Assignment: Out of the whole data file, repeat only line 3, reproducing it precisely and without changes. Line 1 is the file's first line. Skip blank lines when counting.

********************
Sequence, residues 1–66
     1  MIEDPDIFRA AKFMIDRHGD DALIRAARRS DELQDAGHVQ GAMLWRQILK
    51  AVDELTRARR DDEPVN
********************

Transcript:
    51  AVDELTRARR DDEPVN